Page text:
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Illinois Joins Multi-State Lawsuit Over New Food Stamp Rules

Jan 31, 2020  | Ep4524

Illinois is joining a multi-state lawsuit over proposed Trump administration rules on food stamps that could cause hundreds of thousands of Americans to lose their benefits. The rule is expected to go into effect in April. It will limit states from exempting work-eligible adults from having to maintain steady employment to receive benefits. The rule is among three targeting the Supplemental Nutrition Program, known as SNAP.  Illinois could be among the hardest-hit states. State officials say there are over 140,000 people statewide in the affected category. Attorney General Kwame Raoul's office announced Illinois role in the lawsuit Thursday. 

CHICAGO (AP) — Illinois joined a multi-state lawsuit over proposed Trump administration rules on food stamps that could cause hundreds of thousands of Americans to lose benefits, Attorney General Kwame Raoul confirmed Thursday.

The rule, expected to go into effect in April, limits states from exempting work-eligible adults from having to maintain steady employment in order to receive benefits. The rule is among three targeting the Supplemental Nutrition Program, known as SNAP.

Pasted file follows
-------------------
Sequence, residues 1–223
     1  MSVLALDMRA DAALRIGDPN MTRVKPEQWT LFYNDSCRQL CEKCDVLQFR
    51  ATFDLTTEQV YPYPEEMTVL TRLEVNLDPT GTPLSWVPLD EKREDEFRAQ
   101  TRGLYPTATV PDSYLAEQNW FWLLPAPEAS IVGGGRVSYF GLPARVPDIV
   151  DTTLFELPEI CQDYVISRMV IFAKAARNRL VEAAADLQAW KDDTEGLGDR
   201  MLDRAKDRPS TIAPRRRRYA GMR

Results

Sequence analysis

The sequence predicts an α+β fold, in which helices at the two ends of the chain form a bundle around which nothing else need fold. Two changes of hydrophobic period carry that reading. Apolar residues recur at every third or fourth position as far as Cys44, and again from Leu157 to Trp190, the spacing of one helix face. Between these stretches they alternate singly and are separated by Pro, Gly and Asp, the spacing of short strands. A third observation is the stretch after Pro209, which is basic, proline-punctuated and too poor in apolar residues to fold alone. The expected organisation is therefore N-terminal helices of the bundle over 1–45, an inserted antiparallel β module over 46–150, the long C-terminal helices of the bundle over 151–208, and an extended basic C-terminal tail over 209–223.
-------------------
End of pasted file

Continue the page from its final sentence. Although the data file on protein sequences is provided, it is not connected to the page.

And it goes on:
Illinois could be hit hard. There are over 140,000 residents in the affected category; they're able-bodied without dependents, according to state officials.

The lawsuit claims the rule undermines the nutrition program's intent and the U.S. Department of Agriculture violated the rulemaking process. The complaint said the loss of SNAP benefits will lead to more homeless as people divert their limited means to food instead of housing.

"The USDA's arbitrary rule punishes people who live in poverty and disproportionately impacts our most vulnerable residents and communities of color," Raoul said in a statement.

The lawsuit, which names the USDA and its secretary, seeks an injunction.

A USDA spokesman declined comment citing pending litigation.

Attorneys general in more than a dozen states, including Michigan, brought the lawsuit, first filed in January in Washington D.C.

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